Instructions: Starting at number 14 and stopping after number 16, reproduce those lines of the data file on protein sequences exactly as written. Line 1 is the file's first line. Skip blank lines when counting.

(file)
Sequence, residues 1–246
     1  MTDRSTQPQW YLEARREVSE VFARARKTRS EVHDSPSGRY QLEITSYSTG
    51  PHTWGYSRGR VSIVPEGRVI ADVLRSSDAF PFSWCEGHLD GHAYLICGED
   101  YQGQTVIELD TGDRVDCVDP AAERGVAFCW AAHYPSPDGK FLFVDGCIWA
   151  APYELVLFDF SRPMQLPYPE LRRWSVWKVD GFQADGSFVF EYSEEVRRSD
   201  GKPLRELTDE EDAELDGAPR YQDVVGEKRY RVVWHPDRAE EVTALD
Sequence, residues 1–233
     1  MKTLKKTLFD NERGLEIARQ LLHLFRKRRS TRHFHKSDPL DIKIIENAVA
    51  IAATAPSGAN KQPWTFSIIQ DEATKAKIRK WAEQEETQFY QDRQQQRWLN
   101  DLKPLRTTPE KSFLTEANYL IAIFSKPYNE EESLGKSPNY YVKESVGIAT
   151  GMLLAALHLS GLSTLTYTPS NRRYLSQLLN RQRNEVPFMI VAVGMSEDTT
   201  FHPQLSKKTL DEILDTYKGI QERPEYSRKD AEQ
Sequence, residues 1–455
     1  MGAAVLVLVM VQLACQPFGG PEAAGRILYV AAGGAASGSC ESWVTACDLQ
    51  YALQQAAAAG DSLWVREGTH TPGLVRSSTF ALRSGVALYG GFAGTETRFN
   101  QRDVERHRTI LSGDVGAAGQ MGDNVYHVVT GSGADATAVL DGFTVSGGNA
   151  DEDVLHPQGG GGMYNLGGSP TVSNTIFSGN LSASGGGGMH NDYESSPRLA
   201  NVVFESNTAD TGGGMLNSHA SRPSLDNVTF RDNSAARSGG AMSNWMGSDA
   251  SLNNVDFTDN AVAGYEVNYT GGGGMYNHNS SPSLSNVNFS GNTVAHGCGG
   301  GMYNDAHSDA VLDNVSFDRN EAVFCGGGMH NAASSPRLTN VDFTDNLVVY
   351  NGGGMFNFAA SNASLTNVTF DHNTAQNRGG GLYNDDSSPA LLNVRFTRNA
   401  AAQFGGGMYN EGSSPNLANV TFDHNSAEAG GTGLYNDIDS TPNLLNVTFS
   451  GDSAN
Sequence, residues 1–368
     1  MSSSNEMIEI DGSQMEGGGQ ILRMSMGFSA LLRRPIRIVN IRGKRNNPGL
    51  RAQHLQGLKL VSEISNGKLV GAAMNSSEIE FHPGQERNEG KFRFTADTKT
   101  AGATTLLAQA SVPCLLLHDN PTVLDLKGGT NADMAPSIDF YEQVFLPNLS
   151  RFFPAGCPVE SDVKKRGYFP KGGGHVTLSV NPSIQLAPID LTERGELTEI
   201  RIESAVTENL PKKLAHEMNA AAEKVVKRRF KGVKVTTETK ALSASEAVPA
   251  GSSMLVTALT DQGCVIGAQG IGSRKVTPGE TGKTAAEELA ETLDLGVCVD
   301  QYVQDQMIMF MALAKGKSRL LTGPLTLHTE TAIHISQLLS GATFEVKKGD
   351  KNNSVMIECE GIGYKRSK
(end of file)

     1  MGAAVLVLVM VQLACQPFGG PEAAGRILYV AAGGAASGSC ESWVTACDLQ
    51  YALQQAAAAG DSLWVREGTH TPGLVRSSTF ALRSGVALYG GFAGTETRFN
   101  QRDVERHRTI LSGDVGAAGQ MGDNVYHVVT GSGADATAVL DGFTVSGGNA